Considering how much time Americans spend accumulating and carrying debt, we may want to reconsider what we call the national pastime. After five years of deleveraging imposed by the financial crisis, debt levels across the economy are on the rise.
The deleveraging of yesteryear is gradually becoming a distant memory. In the third quarter of 2014, outstanding household debt increased $78 billion from the previous quarter, according to a new report from the Federal Reserve. Total household debt, which includes mortgages, student loans, credit cards, and auto loans, reached $11.71 trillion at the end of September, up from $11.28 trillion a year earlier and the highest level since 2011.
Household debt has now increased in four of the past five quarters. “Outstanding household debt, led by increases in auto loans, student loans, and credit card balances, has steadily trended upward in recent quarters,” said Wilbert van der Klaauw, senior vice president and economist at the New York Fed, in a press release. “In light of these data, it appears that the deleveraging period has come to an end and households are borrowing more.”
Almost every component of household debt is on the rise. Mortgages jumped $35 billion in the third quarter to $8.13 trillion, securing their usual spot as the largest component of household debt. Student debt increased $8 billion during the same period and stands at $1.13 trillion. Auto debt gained $29 billion to $934 billion, while credit card debt charged $11 billion higher to hit $680 billion. Home equity lines of credit were the only component to show weakness, down $9 billion to $512 billion.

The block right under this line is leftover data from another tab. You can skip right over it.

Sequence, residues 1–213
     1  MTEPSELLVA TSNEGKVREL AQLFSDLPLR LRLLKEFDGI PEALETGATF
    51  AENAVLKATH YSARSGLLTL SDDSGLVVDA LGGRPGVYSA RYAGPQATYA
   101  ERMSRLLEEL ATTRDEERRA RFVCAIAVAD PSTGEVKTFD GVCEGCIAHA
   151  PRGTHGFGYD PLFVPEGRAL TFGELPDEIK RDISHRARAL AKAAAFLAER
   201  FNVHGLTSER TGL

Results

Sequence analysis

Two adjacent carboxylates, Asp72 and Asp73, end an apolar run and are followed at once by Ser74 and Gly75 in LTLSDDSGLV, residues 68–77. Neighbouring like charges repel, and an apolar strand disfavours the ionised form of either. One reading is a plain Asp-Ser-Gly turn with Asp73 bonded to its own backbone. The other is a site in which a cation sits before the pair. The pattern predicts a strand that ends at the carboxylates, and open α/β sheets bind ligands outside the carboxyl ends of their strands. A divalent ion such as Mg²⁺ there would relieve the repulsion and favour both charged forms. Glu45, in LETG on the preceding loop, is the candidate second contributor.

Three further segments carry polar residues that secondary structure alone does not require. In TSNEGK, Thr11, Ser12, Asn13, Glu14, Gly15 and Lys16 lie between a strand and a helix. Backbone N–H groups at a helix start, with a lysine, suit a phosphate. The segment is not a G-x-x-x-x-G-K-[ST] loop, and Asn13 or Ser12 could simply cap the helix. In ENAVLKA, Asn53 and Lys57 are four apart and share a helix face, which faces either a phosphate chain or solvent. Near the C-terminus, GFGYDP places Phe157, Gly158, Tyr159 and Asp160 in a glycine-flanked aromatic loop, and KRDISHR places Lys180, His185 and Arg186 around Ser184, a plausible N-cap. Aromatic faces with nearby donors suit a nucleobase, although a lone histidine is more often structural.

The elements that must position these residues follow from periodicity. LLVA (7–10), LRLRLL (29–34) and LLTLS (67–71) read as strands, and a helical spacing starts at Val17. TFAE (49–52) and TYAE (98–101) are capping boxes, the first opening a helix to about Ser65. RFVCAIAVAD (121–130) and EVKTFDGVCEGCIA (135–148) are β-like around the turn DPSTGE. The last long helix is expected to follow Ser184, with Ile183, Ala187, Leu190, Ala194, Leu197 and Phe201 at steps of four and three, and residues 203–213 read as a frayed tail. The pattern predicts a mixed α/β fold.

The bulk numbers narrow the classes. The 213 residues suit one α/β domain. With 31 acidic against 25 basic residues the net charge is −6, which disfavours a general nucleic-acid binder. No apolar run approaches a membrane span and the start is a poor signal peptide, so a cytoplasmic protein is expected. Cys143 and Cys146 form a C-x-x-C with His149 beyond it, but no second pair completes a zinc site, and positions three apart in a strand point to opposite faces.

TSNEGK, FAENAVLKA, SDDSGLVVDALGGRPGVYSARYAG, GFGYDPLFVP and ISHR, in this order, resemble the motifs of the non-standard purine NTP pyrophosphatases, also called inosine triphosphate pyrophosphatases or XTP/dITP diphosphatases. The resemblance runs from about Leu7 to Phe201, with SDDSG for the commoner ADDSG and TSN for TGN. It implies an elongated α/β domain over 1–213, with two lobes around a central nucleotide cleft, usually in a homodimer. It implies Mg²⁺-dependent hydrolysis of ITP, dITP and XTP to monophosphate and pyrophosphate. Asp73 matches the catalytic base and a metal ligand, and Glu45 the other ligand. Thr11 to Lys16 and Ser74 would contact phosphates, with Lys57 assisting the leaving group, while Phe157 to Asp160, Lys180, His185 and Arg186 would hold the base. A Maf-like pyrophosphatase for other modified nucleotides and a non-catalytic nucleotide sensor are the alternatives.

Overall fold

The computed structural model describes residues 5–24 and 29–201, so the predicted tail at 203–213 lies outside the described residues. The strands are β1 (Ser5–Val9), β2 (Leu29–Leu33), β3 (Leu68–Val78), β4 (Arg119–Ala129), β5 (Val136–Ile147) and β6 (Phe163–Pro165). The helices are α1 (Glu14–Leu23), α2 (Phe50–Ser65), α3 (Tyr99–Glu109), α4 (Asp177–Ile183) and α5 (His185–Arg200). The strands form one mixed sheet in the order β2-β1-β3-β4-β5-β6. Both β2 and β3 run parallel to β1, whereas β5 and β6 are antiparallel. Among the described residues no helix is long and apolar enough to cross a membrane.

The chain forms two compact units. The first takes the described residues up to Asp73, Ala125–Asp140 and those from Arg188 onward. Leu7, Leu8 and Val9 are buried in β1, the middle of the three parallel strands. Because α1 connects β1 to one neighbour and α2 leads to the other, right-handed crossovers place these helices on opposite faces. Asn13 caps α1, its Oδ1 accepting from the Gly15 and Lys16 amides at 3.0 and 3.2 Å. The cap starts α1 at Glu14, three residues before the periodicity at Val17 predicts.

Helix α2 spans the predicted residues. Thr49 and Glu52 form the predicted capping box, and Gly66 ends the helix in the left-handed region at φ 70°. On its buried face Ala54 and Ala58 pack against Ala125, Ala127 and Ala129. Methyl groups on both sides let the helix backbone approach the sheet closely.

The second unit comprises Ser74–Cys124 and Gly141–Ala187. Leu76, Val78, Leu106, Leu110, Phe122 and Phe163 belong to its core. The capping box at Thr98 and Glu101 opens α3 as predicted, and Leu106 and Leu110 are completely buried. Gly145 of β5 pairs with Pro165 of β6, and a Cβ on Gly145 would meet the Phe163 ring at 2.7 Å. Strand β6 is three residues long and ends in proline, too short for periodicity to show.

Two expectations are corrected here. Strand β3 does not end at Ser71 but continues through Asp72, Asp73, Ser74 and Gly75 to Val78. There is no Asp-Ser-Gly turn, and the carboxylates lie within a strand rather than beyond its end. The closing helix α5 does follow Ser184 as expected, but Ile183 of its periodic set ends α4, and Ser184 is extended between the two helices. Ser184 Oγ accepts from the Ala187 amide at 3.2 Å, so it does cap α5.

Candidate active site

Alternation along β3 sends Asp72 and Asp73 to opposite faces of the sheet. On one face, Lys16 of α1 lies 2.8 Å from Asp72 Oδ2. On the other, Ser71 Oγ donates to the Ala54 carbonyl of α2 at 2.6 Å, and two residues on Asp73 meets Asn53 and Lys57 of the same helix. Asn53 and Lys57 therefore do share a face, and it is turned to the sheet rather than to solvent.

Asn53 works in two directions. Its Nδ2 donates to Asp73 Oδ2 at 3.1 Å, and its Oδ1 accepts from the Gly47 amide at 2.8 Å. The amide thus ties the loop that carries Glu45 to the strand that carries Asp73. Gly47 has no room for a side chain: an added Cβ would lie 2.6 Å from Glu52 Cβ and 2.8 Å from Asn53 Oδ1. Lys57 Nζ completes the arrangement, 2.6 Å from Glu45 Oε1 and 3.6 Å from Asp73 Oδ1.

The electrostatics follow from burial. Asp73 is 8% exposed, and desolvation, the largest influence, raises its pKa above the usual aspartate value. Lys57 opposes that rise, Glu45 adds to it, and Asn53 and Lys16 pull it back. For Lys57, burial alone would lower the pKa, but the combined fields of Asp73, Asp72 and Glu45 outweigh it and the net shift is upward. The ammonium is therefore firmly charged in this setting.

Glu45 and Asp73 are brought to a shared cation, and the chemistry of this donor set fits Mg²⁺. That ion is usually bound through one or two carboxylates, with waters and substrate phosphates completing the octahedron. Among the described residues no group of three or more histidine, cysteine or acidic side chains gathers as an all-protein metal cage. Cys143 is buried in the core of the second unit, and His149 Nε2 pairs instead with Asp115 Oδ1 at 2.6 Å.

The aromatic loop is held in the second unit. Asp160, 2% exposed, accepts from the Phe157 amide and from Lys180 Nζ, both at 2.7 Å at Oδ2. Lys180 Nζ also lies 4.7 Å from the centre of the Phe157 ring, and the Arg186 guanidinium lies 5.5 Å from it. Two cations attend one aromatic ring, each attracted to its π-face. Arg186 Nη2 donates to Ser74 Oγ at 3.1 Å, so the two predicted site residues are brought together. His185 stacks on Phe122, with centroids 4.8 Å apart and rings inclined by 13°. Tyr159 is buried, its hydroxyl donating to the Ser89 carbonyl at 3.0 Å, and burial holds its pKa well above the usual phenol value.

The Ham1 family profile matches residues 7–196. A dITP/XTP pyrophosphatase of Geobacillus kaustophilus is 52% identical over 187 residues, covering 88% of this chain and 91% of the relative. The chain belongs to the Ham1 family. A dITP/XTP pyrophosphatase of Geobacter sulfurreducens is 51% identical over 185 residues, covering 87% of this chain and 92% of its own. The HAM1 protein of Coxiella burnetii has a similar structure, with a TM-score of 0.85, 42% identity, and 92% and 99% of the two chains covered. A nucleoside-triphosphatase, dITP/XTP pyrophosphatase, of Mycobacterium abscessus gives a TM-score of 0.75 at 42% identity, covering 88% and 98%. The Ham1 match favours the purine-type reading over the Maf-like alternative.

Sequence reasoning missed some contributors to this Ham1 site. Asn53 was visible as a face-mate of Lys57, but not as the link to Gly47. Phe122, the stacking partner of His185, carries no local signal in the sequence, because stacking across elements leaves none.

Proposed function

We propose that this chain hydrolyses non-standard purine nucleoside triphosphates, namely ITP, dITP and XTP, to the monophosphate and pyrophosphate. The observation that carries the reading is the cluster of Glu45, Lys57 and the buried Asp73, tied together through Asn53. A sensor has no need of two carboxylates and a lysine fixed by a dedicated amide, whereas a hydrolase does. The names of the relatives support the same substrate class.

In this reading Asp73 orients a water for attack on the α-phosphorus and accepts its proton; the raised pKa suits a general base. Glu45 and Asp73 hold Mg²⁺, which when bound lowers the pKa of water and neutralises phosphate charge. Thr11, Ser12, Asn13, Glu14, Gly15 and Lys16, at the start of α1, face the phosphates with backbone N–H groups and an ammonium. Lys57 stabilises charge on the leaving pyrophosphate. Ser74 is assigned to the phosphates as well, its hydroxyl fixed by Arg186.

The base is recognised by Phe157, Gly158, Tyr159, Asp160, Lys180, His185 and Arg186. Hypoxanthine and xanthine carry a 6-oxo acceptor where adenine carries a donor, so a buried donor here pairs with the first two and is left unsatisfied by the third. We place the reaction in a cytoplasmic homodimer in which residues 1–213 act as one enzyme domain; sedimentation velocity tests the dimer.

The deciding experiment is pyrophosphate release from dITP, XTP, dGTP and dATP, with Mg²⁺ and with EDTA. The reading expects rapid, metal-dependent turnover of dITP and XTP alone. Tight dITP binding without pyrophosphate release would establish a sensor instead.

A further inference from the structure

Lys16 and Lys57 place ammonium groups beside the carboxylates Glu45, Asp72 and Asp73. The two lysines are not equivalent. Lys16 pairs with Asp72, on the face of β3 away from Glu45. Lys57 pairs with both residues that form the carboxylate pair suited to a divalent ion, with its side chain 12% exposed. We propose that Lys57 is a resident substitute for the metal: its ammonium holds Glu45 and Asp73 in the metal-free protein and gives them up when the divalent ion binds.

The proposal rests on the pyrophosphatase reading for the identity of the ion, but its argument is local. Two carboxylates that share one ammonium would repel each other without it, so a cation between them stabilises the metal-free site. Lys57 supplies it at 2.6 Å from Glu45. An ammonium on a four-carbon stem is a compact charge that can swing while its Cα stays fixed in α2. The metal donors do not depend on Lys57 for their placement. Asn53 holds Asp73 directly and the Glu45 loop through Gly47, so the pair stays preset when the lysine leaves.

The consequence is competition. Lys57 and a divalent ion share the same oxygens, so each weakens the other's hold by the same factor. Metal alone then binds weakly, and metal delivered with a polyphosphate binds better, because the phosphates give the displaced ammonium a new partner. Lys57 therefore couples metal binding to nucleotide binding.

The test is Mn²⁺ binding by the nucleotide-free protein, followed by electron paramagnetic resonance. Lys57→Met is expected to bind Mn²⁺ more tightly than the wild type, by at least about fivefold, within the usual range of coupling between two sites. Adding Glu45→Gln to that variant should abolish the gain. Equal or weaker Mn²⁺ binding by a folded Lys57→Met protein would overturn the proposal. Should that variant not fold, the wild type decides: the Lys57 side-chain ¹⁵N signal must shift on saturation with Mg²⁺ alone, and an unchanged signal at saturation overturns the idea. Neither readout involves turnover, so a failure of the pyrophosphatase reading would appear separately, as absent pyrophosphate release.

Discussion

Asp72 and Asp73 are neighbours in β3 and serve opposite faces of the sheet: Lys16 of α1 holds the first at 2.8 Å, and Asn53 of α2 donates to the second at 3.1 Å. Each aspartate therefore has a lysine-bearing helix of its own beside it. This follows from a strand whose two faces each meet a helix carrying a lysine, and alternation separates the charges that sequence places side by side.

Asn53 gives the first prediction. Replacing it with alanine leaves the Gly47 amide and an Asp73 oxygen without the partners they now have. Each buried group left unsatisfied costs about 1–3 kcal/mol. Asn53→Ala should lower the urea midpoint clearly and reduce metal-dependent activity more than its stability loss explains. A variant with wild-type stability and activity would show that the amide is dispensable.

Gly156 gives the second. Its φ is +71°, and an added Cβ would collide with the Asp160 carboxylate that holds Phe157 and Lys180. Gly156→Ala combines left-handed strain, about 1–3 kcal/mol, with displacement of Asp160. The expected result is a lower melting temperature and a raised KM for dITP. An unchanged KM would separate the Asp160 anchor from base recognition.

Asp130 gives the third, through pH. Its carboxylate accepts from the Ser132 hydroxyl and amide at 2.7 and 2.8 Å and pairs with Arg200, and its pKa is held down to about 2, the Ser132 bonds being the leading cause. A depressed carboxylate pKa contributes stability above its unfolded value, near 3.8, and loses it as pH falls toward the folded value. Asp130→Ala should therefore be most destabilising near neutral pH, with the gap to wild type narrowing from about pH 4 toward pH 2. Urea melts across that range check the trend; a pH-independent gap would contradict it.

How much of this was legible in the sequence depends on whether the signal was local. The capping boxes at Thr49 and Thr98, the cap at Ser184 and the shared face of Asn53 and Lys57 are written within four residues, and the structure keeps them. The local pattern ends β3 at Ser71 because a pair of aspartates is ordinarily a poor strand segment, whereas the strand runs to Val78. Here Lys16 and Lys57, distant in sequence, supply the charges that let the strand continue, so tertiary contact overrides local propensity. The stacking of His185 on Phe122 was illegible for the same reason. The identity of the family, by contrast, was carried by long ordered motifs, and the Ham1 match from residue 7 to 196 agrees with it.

While a rebound in lending and consumer debt is typically seen as a positive sign of economic confidence, too much debt can be disastrous and lead to longer-term problems. Total household debt remains 7.6% below its peak of $12.68 trillion made in the third quarter of 2008, but student debt continues to make new record highs each quarter. In fact, student debt has increased about $100 billion in only one year. Overall, about 40 million Americans are walking around with some form of student debt.
Unlike other types of debt, the delinquency rate for student debt is quite high. About 11.1% of aggregate student loan debt is at least 90 days delinquent or in default, compared to 7.5% for credit cards and only 3.2% for mortgages. As the chart below shows, student debt is also the only major form of debt with a stubbornly high delinquency rate.
Interestingly, the delinquency rate of student loans is likely even worse than reported. In the fine print, the Federal Reserve explains that: “Delinquency rates for student loans are likely to understate actual delinquency rates because about half of these loans are currently in deferment, in grace periods or in forbearance and therefore temporarily not in the repayment cycle. This implies that among loans in the repayment cycle delinquency rates are roughly twice as high.”
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